Why is it ok for cows, pigs, and chickens? Because we eat them? So there are certain animals we can abuse and some we can not. Why? Are they lesser in some way? Are they ugly? Is that it? An abomination to our senses? No…Do they damage our property, encroach in our neighbourhoods, steal our children? No…What do they do that gives us the right to maim and kill them when other animals are protected?

Why one and not the other?

That is All.

Dairy Is Scary

You are probably seeing the billboards going up everywhere: Dairy is Scary. I’m sure more than a few of you are probably wondering “what the fuck? why is dairy scary? damn vegans!” I mean, you probably have visions in your head of the quintessential dairy farm of yore, with a lovely, green meadow filled with black and white mama cows grazing peacefully, calves cavorting at their sides, being called in twice a day for milking. Cue the classical nature music and butterflies.

In fact, outwardly, it would seem of all the animal products we consume, dairy is the least harmful to animals. Wrong again.

Dairy production is equally harmful to the animals as any other animal product process.

Consider this: Cows only lactate when they have a baby. What? Yes, it’s true. They are a mammal and like humans, only produce milk when there is a baby to drink it. We are not that baby. The calf is. However, the calf is removed from the mother almost immediately and either sledgehammered to death or, if destined to become a veal chop, they are sequestered away in little crates to limit their movement.

Calf_igloos_and_calves_in_England

these babies are destined to become veal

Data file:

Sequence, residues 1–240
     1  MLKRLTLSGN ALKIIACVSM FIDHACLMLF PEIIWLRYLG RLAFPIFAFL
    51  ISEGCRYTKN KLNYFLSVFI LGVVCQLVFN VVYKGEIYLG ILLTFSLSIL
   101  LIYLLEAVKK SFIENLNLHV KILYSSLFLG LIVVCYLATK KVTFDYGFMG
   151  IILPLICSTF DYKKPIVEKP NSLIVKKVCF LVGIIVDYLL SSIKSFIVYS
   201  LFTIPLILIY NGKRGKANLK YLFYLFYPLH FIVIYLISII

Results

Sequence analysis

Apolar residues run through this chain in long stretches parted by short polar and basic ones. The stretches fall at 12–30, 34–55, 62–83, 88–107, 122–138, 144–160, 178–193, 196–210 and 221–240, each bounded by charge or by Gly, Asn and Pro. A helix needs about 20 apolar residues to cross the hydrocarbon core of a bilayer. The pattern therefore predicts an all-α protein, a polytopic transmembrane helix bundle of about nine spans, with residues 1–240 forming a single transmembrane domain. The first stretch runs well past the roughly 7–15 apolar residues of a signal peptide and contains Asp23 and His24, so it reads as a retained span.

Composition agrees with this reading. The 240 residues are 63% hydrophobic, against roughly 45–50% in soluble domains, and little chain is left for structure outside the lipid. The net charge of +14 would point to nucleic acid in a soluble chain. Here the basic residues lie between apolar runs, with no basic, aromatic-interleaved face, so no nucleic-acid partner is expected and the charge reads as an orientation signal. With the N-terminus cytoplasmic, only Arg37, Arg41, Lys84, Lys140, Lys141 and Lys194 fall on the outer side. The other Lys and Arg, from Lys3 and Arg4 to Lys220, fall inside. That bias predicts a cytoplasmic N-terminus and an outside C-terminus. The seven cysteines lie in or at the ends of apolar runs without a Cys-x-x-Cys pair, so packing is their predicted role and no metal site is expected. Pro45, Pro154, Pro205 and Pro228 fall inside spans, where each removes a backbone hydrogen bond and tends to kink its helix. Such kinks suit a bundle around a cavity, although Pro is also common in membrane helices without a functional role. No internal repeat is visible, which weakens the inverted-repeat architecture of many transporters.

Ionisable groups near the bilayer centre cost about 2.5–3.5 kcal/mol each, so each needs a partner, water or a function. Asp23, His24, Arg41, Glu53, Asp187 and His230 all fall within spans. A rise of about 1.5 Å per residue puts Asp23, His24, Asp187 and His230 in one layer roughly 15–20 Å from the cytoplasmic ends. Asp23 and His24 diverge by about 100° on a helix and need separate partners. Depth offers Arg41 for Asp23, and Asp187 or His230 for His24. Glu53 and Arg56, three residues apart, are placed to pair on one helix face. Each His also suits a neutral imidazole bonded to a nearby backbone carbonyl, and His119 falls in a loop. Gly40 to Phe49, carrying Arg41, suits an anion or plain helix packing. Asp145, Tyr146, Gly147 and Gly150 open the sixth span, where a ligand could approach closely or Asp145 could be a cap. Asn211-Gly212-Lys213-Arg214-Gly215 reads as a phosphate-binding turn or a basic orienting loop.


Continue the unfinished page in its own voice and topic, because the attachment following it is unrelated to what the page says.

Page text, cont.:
Removing the calf from the mother causes undue distress for both – much like it would do if your child were removed from you at birth. Does it hurt them any less because they are animals? Appearances would suggest not. Both animals are frantic to reunite, crying and balling for each other. Imagine about 100 cows and babies separated like this; imagine 400; you get the picture. Not the idyllic pasture scene you imagined, is it.

But first of all, how does the mother get pregnant? Oh ho – it’s not how you think! Forget nature, peeps, it’s all on Farmer Jack’s head. The cow is tied still, and basically a special tool loaded with bull sperm is pushed into the cow’s vulva by the farmer, and the semen is dispensed into the cow that way. The farmer’s arm is shoved into the cow’s rectum and pressure from that flattens out and smooths the way for the “semen gun” to enter the cervix far enough for effective dispensing. This is not “nature taking its course” by any means.

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Milk production

Once all the impregnating and baby nonsense is complete, the lactating mother cow is then pushed into a small stall, hooked up to milking machines, and milked 24/7. She is fed hormones to ensure continued production of milk. She will develop mastitis, a painful infection of mammary glands due to over-milking. She will be fed anti-biotics in large doses to contain the infection and inflammation, but all three will enter the milk stream: hormones, pus, and anti-biotics. She will be in great pain through out this, and will be physically depleted in every way by age five, at which point, she will go to slaughter. Under normal circumstances, her life span would be 25 years.

But it’s ok – she’s just an animal, right?

It’s hard to believe people actually justify this to themselves, but in retrospect, I guess if people can justify incarcerating a certain culture just because they look different, then it’s not too far a stretch to debase a whole species this way.